Gen Z ranked third and last in Mount’s list, with the OneSource President noting that most Gen Z workers are near entry level “and our firm doesn’t have high demand for near entry level search”.
“They are being hired through typical company college recruiting channels,” Mount said.
Natural Gas Eyed as ‘Multi-Decade’ Investment for LNG Exports, Low-Carbon Transition
Carolyn Davis, Natural Gas Intelligence, May 30, 2023
Sponsoring U.S. natural gas projects will be a solid bet for years to come as overseas demand grows, and as the fuel supports the energy transition, according to private equity (PE) investors.
Biden Administration Delays Access to U.S. Critical Mineral Mines
Institute for Energy Research, May 31, 2023
The Biden administration paused finalizing an environmental impact statement for a copper mine in Arizona in order to meet with opposing tribes and review the Forest Service’s consultation, and it is delaying a decision about whether to allow Alaska to build a 211-mile road to a copper, cobalt and critical minerals mining area in the Brooks Range until 2024. Biden wants wind turbines, electric vehicles, medical equipment, and weapons that need increasing amounts of these critical minerals, but he does not want to anger environmentalists who do not want mining in this country. As a result, he delays opening these areas to mining, allowing the Chinese to gain even greater advantage in developing its industry and pushing the United States father away from developing a critical mining industry as it can take a decade or more to obtain the permits and develop a mine.
Arizona Resolution Copper Mine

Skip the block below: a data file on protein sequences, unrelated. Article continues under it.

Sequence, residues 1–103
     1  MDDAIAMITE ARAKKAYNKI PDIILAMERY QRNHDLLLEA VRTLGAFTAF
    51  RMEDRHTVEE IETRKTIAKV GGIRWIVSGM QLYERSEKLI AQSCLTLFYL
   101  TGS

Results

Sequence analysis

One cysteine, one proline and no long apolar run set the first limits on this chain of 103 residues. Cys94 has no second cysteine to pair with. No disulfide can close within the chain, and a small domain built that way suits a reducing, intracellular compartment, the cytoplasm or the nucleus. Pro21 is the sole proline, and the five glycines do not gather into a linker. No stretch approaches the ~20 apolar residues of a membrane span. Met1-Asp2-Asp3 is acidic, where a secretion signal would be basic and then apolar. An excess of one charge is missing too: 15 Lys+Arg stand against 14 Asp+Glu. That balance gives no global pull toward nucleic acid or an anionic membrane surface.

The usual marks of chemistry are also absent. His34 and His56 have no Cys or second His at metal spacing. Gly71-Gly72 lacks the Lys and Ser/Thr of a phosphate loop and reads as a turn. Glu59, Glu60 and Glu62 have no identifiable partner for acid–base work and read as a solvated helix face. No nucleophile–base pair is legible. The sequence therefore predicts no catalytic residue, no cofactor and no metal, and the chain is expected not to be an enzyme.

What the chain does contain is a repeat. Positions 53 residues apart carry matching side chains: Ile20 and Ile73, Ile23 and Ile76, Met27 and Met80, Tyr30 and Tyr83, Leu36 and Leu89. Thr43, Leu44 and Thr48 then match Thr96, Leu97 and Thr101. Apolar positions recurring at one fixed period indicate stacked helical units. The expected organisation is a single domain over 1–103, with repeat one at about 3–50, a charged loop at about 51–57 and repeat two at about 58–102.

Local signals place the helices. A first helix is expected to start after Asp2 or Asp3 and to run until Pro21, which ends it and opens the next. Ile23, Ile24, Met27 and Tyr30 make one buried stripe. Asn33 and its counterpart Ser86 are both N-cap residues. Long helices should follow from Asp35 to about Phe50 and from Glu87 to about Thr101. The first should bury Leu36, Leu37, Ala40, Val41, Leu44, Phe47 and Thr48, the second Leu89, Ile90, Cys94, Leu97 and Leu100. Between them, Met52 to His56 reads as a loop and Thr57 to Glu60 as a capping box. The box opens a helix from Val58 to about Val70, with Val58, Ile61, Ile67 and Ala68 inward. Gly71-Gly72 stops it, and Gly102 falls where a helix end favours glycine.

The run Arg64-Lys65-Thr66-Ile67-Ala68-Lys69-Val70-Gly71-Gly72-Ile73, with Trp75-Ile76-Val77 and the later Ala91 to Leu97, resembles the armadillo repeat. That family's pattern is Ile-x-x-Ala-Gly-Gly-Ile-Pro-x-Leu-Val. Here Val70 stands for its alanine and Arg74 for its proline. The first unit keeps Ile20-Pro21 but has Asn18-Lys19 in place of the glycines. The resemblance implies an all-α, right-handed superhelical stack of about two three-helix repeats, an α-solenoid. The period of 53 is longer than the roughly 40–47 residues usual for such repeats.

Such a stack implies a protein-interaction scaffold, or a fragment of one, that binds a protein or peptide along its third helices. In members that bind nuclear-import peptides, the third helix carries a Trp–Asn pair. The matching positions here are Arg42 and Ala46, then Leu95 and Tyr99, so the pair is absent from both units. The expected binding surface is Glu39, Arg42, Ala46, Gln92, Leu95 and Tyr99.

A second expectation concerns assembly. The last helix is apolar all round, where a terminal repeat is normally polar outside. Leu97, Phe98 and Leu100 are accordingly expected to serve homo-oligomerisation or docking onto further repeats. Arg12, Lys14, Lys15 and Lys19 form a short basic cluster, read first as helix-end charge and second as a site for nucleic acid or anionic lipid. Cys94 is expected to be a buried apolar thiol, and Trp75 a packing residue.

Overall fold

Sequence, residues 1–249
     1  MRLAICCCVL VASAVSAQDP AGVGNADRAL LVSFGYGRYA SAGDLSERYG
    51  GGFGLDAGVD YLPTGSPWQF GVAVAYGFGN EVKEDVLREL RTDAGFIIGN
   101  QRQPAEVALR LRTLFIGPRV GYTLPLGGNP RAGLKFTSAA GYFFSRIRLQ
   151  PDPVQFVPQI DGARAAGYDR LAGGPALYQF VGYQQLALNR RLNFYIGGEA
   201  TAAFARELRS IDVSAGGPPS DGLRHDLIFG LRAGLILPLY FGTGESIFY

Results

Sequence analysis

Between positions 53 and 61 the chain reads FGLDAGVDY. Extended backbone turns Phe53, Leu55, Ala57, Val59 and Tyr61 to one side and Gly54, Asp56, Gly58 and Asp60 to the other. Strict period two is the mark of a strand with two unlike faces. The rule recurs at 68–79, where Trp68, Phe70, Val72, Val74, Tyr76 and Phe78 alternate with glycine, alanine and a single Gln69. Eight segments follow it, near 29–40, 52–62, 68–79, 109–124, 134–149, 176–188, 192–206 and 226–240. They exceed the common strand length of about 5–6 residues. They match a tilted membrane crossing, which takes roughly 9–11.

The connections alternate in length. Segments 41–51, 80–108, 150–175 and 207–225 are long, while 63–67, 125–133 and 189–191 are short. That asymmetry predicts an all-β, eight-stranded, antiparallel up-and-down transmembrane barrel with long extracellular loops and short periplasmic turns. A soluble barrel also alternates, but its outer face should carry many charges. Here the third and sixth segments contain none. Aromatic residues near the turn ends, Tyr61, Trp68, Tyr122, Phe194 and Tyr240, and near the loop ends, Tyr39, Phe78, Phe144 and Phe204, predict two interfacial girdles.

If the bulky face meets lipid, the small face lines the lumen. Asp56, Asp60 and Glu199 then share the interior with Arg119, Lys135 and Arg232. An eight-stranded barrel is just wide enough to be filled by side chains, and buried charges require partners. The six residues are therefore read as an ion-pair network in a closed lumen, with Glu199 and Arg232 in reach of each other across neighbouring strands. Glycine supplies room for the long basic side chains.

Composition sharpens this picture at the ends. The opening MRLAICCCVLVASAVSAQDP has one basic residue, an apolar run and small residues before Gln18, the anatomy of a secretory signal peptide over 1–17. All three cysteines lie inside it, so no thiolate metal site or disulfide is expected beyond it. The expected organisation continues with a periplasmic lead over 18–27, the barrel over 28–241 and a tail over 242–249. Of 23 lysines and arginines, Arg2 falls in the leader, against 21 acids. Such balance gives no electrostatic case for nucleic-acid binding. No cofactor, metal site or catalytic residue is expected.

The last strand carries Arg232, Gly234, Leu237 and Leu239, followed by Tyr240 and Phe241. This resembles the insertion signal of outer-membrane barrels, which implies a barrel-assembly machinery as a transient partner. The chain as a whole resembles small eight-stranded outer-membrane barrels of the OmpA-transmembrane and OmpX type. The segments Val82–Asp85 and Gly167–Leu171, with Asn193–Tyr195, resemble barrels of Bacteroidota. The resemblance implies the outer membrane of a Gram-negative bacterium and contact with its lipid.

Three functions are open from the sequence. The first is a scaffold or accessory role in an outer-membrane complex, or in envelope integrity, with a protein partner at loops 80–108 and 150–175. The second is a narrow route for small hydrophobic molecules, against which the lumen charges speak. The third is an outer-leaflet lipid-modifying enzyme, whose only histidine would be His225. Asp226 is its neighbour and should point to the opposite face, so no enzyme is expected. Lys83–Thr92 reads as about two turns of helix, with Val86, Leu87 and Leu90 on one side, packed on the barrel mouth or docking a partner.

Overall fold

An Environmental Impact Statement (EIS) that was to be produced this spring for the Resolution Copper mine in Arizona is now being delayed. The EIS would trigger the advancement of a congressionally approved land swap in Arizona–a 2,422-acre parcel known as Oak Flat, located east of Phoenix, to Resolution Copper Mining LLC. The land transfer is the result of an “act of Congress,” which authorized the deal as part of the 2014 National Defense Authorization Act to trade Oak Flat for other land in the state. The Apache Stronghold, a nonprofit that includes members of the San Carlos Apache Tribe, indicated that the trade of Oak Flat will stop Apaches from being able to access the site to exercise their religious beliefs. Resolution Copper is a joint venture of Anglo-Australian firms Rio Tinto and BHP.
The ore deposit lies nearly 7,000 feet below the earth’s surface and it represents one of the most significant untapped copper deposits today, with an estimated copper resource of 1.787 billion metric tons. The mine has the potential to supply nearly 25 percent of U.S. copper demand and will create several thousand direct and indirect jobs, with an economic value of several billion dollars over the estimated mine life. According to Mila Besich, the Democratic mayor of Superior, a town of 2,500 that abuts the mine site, “Every time there’s another delay to this process means that investors in our community may decide this isn’t the place to invest because the federal government can’t make up its mind.” Endless delays equate to denial of projects in the capital-intensive mining business.
Amber Industrial Access Project
The Interior Department’s Bureau of Land Management (BLM) will delay its final decision on the Ambler Industrial Access Project that would connect copper and cobalt mines to the road network by up to six months to the second quarter of 2024. The Ambler Road project would cross federal lands and a national preserve, and it is being opposed by environmental groups and some Alaska Native tribes, although some Native groups who originally opposed it now support the road in a region with very little economic investment.